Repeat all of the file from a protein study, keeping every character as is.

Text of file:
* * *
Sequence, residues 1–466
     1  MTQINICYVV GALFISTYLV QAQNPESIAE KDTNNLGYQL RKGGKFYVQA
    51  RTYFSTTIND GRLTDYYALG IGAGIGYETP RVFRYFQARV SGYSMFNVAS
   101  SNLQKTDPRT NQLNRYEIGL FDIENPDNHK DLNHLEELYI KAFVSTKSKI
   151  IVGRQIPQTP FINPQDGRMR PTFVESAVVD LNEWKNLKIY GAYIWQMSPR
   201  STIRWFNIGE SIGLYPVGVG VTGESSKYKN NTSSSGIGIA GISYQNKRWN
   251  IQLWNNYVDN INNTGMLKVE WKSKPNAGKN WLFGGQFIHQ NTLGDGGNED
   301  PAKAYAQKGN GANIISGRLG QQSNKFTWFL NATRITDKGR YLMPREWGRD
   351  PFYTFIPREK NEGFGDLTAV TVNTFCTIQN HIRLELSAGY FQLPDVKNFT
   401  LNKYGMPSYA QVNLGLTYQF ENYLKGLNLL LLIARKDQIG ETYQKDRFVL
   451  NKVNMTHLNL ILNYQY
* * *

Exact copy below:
Sequence, residues 1–466
     1  MTQINICYVV GALFISTYLV QAQNPESIAE KDTNNLGYQL RKGGKFYVQA
    51  RTYFSTTIND GRLTDYYALG IGAGIGYETP RVFRYFQARV SGYSMFNVAS
   101  SNLQKTDPRT NQLNRYEIGL FDIENPDNHK DLNHLEELYI KAFVSTKSKI
   151  IVGRQIPQTP FINPQDGRMR PTFVESAVVD LNEWKNLKIY GAYIWQMSPR
   201  STIRWFNIGE SIGLYPVGVG VTGESSKYKN NTSSSGIGIA GISYQNKRWN
   251  IQLWNNYVDN INNTGMLKVE WKSKPNAGKN WLFGGQFIHQ NTLGDGGNED
   301  PAKAYAQKGN GANIISGRLG QQSNKFTWFL NATRITDKGR YLMPREWGRD
   351  PFYTFIPREK NEGFGDLTAV TVNTFCTIQN HIRLELSAGY FQLPDVKNFT
   401  LNKYGMPSYA QVNLGLTYQF ENYLKGLNLL LLIARKDQIG ETYQKDRFVL
   451  NKVNMTHLNL ILNYQY